“They’re like a well-oiled machine. We have to focus more on stopping plays more than players because they’re all good,” said Echeverria, now 9-12 at EH. “Them using multiple players to run the football isn’t as important as us being in position to stop them.”

Offensively, the Royals have recently relied on a prolific running game to rack up 66 points in their two playoff games. And in addition to feature back Spencer Gilbert (1,507 yards, 7.7 yards per carry, 18 rushing touchdowns), the blue-and-white’s ground game has been boosted by quarterback Logan Splater.

Partly because of poor weather conditions, the sophomore signal-caller has tossed for only 116 yards in sectional play. However, Splater — who entered the playoffs with 97 rushing yards — has run for a combined 226 yards and four touchdowns while averaging just over nine yards per carry in his team’s two postseason tilts.

“(Splater) getting going on the ground has got his confidence going,” Echeverria said of his QB, who hasn’t turned the ball over in four straight games. “If we’re going to move the ball on offense (Friday), we’re going to have to be balanced and keep them on their toes.

“Logan having a big game is very important. He’s confident and prepared to have a good game.”

Add in sophomore Cooper Henderson’s (143 rushing yards, TD) postseason totals, and Hurrle knows his defense will have much to account for Friday.

“(Gilbert, Splater and Henderson) are the three guys skill-wise we have to worry about,” he added.

The Royals offense has scored 359 points this season, which is not only more than the team tallied in the past two seasons combined (253), but according to available records, doubles as the program’s highest single-season total since 1994.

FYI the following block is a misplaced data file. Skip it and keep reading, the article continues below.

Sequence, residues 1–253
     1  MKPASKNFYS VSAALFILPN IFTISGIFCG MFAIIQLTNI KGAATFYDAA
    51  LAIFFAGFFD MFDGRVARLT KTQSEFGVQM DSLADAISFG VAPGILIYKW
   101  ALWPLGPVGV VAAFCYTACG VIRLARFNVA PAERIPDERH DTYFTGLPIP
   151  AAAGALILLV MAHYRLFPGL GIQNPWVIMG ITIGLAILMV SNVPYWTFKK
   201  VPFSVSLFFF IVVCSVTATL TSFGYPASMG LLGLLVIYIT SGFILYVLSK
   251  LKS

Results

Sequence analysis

In 2011, EH notched 20 or more points in a game twice. A year later, with Echeverria’s young team grasping his wide-open offense, the Royal offense has flourished with nine games of 20 or more points, including four games of scoring 40 or more.

“We kept it simple last year, Echeverria noted. “Now, the kids are comfortable with the base offense and we can spread the field to open up running and passing lanes.”

Key Stadium (capacity 5,500) has served as a home field twice this season for Scecina, which does not have a football field on its Indianapolis campus. The stadium’s playing surface is FieldTurf, which should stabilize footing in the event of poor weather.

Eastern Hancock, which practiced on Knightstown’s FieldTurf Wednesday in preparation for Friday’s game, won’t be underestimated by Scecina.

“They’re good, I can tell you that,” Hurrle said. “They’re playing their best football right now and that’s a compliment to their coaching staff.”

Notes: Echeverria said Gilbert as well as linemen Jake Hicks and Mitchell Kramer were named to the Mid-Indiana Football Conference’s all-league team. … Gilbert is 133 yards short of the single-season rushing record Brett Bragdon set in 2006. ... EH has won eight sectional titles, Scecina six. … By going 11-4 in 2011, Scecina finished over .500 for the first time in eight seasons.